A well-written program is easy to read; you look at it and know what it does. And if it's broken, or if it needs modification, you know how to go about changing it. So, naturally, a great programming language makes it easy to write programs that are easy to read.

So, clarity, or the facilitation of clarity, seems to be my first guiding principle. Stay tuned.

Monday, April 07, 2003



Part of the art of programming, in languages I've worked with at least, is balancing nouns and verbs. Before there were modules, data structures and objects, routines (verbs) had to bear all of the organizational burden of a program. Transferring some of that burden to data structures (nouns) can be a great simplification.

Human language, of course, has much more than nouns and verbs. And while I don't think human language represents a perfect model for computer languages, some of my favorite languages are English-like, so I'm willing to at least consider suggestions this analogy presents.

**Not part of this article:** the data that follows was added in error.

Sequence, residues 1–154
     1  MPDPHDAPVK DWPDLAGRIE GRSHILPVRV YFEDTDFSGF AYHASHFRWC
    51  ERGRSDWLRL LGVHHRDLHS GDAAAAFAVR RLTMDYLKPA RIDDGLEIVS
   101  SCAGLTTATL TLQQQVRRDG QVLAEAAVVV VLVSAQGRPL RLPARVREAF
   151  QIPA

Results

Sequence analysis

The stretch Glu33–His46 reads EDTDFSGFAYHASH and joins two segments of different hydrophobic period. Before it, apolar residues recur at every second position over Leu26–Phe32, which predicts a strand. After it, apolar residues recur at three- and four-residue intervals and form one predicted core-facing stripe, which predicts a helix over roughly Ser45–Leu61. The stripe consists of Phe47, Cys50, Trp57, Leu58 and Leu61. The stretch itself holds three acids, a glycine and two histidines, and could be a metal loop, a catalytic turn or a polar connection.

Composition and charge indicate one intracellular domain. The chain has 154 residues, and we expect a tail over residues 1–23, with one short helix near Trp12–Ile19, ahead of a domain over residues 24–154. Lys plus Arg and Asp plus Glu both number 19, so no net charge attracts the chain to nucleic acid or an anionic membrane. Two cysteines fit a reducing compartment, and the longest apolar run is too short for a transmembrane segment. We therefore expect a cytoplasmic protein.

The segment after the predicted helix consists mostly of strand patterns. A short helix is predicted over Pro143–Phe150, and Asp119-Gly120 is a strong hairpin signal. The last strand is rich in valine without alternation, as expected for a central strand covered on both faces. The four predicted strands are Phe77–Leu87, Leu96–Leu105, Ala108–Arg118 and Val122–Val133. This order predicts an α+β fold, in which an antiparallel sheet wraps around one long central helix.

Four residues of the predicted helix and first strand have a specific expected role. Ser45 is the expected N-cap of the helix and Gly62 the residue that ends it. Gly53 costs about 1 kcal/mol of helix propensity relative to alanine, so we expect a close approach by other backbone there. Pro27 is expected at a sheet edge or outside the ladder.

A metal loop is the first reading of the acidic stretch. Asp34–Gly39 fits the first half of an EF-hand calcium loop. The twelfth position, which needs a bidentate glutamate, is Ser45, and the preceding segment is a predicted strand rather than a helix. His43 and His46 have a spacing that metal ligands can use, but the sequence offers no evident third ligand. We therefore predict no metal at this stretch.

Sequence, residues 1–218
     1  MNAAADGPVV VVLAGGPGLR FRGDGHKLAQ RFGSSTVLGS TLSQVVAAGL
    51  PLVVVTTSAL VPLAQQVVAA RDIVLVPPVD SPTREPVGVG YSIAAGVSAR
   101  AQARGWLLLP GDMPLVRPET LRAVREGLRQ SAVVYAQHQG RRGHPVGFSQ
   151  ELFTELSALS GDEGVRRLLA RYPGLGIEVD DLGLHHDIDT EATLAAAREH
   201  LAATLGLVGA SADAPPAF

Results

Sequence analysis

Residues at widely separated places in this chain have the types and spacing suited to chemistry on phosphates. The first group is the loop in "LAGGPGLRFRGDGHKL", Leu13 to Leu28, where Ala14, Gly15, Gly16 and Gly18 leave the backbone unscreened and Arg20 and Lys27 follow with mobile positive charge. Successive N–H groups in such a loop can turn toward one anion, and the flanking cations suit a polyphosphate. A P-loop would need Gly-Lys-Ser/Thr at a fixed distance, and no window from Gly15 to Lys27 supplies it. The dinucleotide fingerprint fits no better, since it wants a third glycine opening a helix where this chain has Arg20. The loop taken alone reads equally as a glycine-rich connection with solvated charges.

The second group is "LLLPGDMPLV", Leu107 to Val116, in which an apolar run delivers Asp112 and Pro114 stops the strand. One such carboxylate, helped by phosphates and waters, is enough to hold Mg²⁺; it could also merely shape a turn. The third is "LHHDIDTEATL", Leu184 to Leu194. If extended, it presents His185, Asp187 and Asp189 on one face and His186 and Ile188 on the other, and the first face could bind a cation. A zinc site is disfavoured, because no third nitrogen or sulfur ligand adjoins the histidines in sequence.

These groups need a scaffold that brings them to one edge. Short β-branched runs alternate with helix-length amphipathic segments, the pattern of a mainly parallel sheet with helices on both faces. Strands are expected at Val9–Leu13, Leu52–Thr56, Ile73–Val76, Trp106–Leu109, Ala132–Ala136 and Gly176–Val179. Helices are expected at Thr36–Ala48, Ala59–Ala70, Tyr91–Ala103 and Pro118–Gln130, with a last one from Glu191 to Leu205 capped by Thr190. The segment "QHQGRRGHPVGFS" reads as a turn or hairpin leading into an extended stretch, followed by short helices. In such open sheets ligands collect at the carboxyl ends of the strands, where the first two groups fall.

And I think a lot of the things I do in programming could be simpler if I had adjectives. The fields of a database record or a data structure, or the properties of objects, frequently serve the role that adjectives fill in speech. But asking simple questions about the properties can require more complexity than might be necessary.

Suppose a language had adjectives, binding a comparative test to terms for, at a minimum, superlative and comparative. I tend to think that opposite, and anti-comparative and anti-superlative are also appropriate.

Let's use width for our examples.

With adjectives Without

is r1 wider than r2? is r1.width > r2.width?

width of the widest of the_rects max = VERY_NARROW
foreach rect (the_rects)
max = rect.width if rect.width > max

is any of the_rects wider than 3? foreach rect (the_rects)
succeed if rect.width > 3